The Senate Budget Committee held a hearing on the CBO's Budget and Economic Outlook: Fiscal Years 2013-2023. Dr. Douglas Elmendorf, Director of the Congressional Budget Office, was the sole witness.
Key excerpts from Chairman Murray’s opening statement
“The CBO outlook makes it clear that, while we still have more work to do, the $2.4 trillion in deficit reduction we enacted over the last two years has moved us closer to stabilizing the debt and responsibly scaling back the deficit. We need to continue working to cut spending responsibly, protect and strengthen programs like Medicare, and raise revenue by closing tax loopholes that the wealthiest Americans and biggest corporations take advantage of.”
“Budget issues have received a lot of attention over the past few years, but the conversation is too often focused on abstract numbers and the partisan back-and-forth. Budgets, however, are about far more than this. They are reflections of our values, our priorities, and our vision for what our government, our country, and our economy should look like now and in the future.”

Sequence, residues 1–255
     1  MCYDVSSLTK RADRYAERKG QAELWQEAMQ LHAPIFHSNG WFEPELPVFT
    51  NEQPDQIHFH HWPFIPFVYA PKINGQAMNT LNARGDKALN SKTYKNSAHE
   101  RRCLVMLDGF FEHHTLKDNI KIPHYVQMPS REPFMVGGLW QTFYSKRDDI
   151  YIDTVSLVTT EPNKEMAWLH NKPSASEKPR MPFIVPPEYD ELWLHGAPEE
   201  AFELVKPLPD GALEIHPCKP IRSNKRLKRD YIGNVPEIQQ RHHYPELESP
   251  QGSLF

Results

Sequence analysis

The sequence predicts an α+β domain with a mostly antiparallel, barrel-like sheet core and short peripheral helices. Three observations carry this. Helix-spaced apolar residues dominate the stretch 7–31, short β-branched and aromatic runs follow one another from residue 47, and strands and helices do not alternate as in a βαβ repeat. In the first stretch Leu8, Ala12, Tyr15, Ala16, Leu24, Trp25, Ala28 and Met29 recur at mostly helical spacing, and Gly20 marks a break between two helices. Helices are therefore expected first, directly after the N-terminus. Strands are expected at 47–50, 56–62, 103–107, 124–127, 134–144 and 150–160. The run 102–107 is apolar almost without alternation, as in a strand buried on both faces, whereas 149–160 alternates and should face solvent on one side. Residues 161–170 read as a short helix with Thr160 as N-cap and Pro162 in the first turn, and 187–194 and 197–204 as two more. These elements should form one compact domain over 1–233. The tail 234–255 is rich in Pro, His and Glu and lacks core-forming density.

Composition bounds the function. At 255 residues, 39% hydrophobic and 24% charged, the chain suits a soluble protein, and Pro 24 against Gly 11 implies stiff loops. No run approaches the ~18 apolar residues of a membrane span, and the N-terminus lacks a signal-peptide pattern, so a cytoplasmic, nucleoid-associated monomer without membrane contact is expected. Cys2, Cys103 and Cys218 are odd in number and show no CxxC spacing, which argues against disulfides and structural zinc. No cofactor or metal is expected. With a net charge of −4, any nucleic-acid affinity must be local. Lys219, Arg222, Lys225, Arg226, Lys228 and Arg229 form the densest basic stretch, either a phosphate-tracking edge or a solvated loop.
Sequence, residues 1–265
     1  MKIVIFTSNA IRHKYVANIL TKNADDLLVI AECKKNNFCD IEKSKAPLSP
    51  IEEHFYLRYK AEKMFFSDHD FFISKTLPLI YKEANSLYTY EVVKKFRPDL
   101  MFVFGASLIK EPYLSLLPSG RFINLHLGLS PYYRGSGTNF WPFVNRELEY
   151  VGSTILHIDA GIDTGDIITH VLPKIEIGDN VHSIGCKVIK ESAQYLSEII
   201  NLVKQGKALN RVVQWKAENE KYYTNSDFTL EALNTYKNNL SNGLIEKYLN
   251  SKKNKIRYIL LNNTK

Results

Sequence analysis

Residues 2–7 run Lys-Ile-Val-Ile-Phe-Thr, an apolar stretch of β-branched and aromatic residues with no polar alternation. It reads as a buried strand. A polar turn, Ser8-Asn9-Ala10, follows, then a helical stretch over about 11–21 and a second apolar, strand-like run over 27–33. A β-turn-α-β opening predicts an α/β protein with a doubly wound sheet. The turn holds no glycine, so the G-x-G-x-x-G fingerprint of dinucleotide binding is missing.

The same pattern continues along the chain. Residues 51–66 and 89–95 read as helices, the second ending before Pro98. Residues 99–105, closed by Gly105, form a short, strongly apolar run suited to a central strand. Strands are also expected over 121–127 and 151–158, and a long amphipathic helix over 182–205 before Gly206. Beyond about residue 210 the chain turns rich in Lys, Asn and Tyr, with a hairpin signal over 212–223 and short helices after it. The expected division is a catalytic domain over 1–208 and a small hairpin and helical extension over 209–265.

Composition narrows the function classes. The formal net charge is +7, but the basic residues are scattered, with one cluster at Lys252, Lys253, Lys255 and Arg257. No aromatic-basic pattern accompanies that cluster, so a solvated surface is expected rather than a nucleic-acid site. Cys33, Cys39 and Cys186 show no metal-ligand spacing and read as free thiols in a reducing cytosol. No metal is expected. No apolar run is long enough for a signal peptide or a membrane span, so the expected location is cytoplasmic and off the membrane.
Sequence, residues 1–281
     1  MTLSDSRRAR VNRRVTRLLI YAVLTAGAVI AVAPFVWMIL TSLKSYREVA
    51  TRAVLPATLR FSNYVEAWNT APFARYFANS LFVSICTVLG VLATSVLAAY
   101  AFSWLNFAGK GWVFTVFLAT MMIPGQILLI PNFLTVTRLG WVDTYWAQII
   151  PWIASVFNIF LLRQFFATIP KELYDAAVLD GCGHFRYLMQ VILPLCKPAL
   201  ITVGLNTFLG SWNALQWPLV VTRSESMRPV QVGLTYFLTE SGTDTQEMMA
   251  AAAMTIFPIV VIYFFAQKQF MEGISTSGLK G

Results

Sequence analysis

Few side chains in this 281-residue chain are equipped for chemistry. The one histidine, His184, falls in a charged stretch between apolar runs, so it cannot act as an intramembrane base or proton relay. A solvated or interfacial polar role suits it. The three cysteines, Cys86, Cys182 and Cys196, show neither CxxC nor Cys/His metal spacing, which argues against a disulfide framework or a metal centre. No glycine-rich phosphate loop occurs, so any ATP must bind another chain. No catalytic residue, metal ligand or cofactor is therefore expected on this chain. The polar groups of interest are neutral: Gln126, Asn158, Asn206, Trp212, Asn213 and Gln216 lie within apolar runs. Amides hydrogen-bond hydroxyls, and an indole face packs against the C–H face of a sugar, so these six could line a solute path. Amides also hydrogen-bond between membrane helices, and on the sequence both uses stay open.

“When he was sworn in, President Clinton promised to tackle the deficit while continuing to invest in jobs and the middle class. I bought into that vision—and I was proud to help make it a reality. When his bill to raise the tax rate on the highest-earning Americans passed the Senate and House—without a single Republican vote—the top Republican on the Senate Budget Committee at the time said it would —‘devastate the economy.’ Others predicted calamity along similar lines. But as we all know now, it didn’t work out that way. The unemployment rate went from 7.3% at the beginning of 1993, to 3.9% at the end of 2000. Over the course of those 8 years, 22 million jobs were created. The economy grew at an average rate of 4%. Our work in the 90s proved that calling on the wealthy to pay their fair share is not incompatible with strong economic growth. In fact, it is strongly associated with the kind of broad-based growth that helps the middle class prosper and expand.
“I will work with anyone to tackle our debt and deficit responsibly, but as I’ve told Senator Sessions and others—I feel very strongly that it just doesn’t make sense to replace our budget deficit with deficits in education, infrastructure and research and development. If we cut our budget deficit by giving up on the investments we need to compete globally in the 21st century economy, then we will not have done right by our economy today—and certainly not for the generations to come.”